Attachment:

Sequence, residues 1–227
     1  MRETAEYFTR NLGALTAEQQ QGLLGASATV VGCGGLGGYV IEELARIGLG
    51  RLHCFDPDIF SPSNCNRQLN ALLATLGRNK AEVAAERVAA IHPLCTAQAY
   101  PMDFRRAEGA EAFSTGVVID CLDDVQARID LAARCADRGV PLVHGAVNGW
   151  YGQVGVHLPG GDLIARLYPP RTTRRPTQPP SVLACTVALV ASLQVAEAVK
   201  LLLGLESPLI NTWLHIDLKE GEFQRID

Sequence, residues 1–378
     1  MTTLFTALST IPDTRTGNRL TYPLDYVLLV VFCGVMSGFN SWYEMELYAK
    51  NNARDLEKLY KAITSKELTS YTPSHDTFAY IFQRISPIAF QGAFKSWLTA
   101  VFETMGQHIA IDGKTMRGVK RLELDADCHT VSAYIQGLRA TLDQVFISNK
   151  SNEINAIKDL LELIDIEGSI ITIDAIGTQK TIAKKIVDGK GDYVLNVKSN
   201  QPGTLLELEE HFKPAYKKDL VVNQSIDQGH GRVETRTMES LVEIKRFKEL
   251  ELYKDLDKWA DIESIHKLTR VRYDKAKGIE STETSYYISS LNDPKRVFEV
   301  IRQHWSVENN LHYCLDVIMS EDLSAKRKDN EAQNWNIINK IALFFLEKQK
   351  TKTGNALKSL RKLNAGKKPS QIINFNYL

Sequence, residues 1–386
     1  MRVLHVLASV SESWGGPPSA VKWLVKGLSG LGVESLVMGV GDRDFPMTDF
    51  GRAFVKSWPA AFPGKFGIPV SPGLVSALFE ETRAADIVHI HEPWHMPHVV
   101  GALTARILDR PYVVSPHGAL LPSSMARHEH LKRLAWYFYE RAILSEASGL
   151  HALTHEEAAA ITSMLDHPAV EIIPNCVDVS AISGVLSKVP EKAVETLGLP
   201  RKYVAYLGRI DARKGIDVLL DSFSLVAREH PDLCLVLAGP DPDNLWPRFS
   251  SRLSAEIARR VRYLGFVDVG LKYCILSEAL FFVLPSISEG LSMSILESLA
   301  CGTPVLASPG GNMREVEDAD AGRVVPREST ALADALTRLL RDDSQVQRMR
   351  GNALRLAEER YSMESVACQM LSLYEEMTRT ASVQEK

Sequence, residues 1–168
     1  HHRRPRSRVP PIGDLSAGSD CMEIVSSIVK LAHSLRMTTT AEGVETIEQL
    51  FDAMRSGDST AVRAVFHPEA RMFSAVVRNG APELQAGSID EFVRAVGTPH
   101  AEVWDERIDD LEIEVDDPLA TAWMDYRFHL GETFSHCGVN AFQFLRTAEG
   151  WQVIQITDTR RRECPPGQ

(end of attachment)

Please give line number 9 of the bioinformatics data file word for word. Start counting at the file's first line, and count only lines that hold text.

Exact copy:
    51  NNARDLEKLY KAITSKELTS YTPSHDTFAY IFQRISPIAF QGAFKSWLTA